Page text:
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A SIKH SCHOOL
A SIKH SCHOOL
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A SIKH SCHOOL

LAHORE, PUNJAB PLAINS, CIRCA 1840

Details
A SIKH SCHOOL
LAHORE, PUNJAB PLAINS, CIRCA 1840
Opaque pigments heightened with gold on paper, depicting a kneeling teacher facing seven reading pupils, a street scene before the school, in thick light blue and pink margins, mounted
10 ¾ x 14 5/8in. (27.4 x 37.4cm.)
Sale Room Notice
Please note that the estimate for this lot is £10,000-15,000.

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Lot Essay

This painting belongs to a known series of depictions of trades and occupations in the Punjab. A number were sold at auction recently including paintings of a brass merchant (Bonham’s, London, 05 April 2011, lot 305; Christie’s, South Kensington, 10 June 2013, lot 175; Sotheby’s, London, the Sven Ghalin collection, 06 October 2015, lot 104); or that of an apothecary (Bonhams, London, 14 March 2016, lot 113). An illustration of a cloth merchant’s shop is in the Brooklyn Museum, attributed to Lahore, circa 1850 (Amy Poster, Realms of Heroism, New York, 1994, cat.247, p.298). The Brooklyn painting is ascribed to Basarat, son of Dutta.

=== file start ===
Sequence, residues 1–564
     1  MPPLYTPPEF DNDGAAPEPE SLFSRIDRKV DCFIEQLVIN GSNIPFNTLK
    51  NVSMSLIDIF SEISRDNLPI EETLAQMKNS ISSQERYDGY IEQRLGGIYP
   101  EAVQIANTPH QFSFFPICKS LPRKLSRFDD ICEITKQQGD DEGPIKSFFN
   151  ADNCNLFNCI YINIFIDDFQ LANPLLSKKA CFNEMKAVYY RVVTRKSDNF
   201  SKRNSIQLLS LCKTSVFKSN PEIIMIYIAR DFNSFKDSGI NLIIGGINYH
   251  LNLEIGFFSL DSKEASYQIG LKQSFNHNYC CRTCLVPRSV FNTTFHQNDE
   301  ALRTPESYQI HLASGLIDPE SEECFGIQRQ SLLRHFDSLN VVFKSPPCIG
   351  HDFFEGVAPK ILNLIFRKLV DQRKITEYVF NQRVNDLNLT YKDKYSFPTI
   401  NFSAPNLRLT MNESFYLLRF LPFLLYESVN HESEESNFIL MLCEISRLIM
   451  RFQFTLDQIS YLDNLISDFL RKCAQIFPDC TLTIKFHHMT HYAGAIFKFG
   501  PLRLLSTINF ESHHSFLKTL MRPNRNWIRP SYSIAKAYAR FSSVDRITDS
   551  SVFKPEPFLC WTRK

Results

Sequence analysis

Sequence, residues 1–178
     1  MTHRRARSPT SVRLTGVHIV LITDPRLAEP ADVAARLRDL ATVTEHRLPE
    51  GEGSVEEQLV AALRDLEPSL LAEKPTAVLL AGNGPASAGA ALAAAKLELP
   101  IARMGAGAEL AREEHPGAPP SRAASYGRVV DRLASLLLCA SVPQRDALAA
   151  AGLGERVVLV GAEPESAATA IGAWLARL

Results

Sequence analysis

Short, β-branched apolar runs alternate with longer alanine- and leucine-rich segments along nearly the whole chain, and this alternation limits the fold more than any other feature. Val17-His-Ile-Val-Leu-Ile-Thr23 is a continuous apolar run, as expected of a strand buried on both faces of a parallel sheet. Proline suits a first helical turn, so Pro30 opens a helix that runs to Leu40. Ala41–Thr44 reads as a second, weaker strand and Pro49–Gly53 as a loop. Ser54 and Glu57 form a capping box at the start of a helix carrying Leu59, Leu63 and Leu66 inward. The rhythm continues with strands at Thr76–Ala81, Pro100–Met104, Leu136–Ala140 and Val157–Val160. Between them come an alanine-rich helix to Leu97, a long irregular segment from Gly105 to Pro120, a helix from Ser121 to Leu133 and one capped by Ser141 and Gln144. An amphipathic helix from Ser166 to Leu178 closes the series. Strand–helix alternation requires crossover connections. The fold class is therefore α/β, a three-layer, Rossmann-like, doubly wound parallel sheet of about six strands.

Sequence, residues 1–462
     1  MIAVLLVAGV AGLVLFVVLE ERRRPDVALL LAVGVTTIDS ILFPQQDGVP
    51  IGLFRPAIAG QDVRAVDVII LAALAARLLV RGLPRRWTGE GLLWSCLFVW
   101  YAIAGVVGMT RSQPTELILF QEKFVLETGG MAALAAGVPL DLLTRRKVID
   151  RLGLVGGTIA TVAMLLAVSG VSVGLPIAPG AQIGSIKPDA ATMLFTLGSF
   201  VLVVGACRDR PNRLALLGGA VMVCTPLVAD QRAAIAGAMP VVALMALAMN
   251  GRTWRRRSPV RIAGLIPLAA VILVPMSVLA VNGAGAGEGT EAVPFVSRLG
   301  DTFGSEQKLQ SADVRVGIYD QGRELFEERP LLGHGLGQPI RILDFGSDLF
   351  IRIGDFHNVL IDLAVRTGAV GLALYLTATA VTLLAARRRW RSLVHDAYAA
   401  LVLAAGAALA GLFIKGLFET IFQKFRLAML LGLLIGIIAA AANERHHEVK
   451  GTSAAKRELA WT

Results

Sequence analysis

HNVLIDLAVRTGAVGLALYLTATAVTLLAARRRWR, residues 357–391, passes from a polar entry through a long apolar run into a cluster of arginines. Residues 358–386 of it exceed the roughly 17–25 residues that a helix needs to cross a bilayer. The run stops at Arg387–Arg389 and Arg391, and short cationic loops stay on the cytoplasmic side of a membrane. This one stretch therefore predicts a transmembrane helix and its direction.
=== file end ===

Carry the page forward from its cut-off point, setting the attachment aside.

They all follow a formal set up following a simple guideline: to portray an influential figure, a rich merchant or patron, usually depicted composed and sitting, visiting a merchant’s shop. In this case we are looking at a teacher and his pupils. These paintings are an interesting take on the more formal and repeated formula of the ruler and attendants set within a courtly context. The perspective, the realistic rendering and the light atmosphere of the scene make this painting, and the others of the series, very informative. Such paintings were intentionally directed to a foreign audience and fulfilled the demand of British patrons in India.

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